The Weekly Newsletter of MIT Linguistics

LF Reading Group 9/25 - Keny Chatain (MIT)

Speaker: Keny Chatain (MIT)

Title: What cumulative asymmetries tell us about weak readings and vice-versa

Time: Wednesday, September 25th, 1pm – 2pm

Location: 32-D461

Abstract: There is an asymmetry between subject and object every: object every gives rise to cumulative readings ; subject every doesn’t (Kratzer, 2000).

(1) 3 detectives, 27 suspects

  1.  The three detectives interrogated every suspect (ok, 9 suspects each)
  2.  Every detective interrogated the 27 suspects (*9 suspects each)

Another asymmetry comes from weak cumulative readings. There has been hints in the literature (Buccola and Spector, 2016; Haslinger and Schmitt, 2019) that the cumulative truth-conditions of (2), given in (2a), are sometimes as weak as (2b).

(2) The 10 children inflated the 25 balloons

  1. Every balloon was inflated by a child and every child inflated a balloon
  2. Every balloon was inflated by a child period

The weak truth-conditions of (2b) are asymmetric ; they impose exhaustive participation of the theme in the event, but have no such requirement on the agent.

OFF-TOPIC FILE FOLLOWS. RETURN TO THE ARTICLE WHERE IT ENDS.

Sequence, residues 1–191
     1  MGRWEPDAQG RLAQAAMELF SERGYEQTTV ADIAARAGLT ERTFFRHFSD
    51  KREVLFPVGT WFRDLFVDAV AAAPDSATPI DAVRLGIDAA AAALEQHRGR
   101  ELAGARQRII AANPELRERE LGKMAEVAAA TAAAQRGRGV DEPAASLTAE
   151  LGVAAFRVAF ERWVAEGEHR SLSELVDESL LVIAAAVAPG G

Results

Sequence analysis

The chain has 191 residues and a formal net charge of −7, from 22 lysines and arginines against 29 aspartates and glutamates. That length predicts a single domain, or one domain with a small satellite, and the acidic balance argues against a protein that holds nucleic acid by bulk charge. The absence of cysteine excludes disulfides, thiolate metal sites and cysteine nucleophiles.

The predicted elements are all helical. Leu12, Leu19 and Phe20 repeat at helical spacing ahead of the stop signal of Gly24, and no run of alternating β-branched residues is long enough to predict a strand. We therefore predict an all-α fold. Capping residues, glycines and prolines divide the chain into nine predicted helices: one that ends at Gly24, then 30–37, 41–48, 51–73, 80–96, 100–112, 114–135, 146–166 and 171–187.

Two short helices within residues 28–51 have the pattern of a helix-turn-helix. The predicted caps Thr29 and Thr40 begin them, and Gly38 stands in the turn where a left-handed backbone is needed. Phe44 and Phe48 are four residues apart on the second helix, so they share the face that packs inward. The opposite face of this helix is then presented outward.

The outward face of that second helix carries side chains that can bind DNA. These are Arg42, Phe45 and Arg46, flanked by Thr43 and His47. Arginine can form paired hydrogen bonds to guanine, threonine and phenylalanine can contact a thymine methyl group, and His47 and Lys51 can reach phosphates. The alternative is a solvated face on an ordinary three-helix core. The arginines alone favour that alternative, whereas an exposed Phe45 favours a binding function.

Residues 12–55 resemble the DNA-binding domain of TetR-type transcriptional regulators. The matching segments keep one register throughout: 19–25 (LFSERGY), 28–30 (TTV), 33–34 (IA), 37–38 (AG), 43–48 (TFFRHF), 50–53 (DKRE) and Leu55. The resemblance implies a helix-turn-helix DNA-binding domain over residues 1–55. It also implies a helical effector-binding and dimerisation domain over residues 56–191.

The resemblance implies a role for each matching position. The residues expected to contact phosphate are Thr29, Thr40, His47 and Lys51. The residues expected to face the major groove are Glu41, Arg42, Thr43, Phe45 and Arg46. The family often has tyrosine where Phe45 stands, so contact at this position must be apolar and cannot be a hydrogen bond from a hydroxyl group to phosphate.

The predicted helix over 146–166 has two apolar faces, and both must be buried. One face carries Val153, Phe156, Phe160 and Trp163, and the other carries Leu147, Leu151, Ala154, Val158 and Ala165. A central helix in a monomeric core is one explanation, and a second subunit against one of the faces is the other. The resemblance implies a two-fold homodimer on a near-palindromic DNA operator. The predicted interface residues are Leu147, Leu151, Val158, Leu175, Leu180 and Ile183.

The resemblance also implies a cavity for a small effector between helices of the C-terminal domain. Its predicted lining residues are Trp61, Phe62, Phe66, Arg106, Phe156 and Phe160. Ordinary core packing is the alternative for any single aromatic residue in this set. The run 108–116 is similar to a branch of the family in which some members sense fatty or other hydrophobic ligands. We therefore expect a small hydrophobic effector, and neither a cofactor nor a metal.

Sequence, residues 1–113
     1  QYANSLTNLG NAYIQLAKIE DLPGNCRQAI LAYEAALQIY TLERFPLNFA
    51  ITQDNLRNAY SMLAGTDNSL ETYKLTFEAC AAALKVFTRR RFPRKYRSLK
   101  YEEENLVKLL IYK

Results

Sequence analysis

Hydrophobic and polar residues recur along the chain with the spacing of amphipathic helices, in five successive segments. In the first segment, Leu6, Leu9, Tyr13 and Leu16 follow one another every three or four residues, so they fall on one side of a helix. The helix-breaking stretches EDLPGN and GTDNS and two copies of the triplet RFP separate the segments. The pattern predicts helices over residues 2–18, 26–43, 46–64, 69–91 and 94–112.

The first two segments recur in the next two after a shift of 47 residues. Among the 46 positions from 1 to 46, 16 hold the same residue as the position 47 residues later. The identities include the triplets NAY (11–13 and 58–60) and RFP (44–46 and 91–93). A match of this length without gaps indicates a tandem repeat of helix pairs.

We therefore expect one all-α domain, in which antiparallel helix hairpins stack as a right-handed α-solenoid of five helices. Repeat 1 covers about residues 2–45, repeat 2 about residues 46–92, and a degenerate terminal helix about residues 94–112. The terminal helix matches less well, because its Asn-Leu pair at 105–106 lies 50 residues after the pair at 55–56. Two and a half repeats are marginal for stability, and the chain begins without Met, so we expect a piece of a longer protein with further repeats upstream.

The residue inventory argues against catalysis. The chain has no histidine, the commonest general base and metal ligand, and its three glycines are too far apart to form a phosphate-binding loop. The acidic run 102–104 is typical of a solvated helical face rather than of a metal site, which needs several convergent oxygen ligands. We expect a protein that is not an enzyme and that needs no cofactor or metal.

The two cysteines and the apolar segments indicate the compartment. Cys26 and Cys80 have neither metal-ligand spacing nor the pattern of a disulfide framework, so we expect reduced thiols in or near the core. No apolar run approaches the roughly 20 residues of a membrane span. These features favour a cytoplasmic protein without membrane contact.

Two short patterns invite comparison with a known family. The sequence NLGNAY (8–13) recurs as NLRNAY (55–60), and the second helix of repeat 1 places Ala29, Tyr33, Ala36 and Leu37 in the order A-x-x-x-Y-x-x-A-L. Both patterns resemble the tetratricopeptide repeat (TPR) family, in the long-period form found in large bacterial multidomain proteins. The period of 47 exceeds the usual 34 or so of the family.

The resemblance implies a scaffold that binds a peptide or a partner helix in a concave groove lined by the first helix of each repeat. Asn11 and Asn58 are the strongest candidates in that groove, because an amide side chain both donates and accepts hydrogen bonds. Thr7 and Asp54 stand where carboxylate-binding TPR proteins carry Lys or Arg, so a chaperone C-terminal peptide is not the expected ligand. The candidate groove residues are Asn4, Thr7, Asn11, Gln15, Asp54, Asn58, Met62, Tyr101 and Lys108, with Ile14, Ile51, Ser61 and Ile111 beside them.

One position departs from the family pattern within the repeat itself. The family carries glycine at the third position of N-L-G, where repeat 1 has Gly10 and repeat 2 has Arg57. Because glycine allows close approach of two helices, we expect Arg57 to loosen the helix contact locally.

In this talk, I will argue that the two asymmetries have a common origin. I will bring two facts in support of the claim: 1) expanding the dataset to more arguments and positions, I will show that the two asymmetries pattern the same and that (more or less,) the positions that require exhaustive participation are the positions from which a cumulative reading of every is possible, 2) data from NPI licensing will show that the strong reading of (1) must obtain via strengthening of a weak reading like (2b) (following Ivlieva (2013)). I will present an account of these facts making minimal theoretical commitments, with the following properties:

  • cumulativity is uniformly weak (in the sense of 2b) and asymmetric ; the order of integration of thematic roles into the event predicate determines the asymmetry.
  • the meaning of every is standard, does not make reference to events, but nonetheless gives rise to cumulative readings (rejoining Champollion (2010)).
  • ** operators are not needed to derive cumulative readings of non-lexical two-place predicates.

At the end of the talk, we will be short of an explanation of how (2b) strengthens to (2a). Suggestions from the audience will be met with the earnest-est gratitude.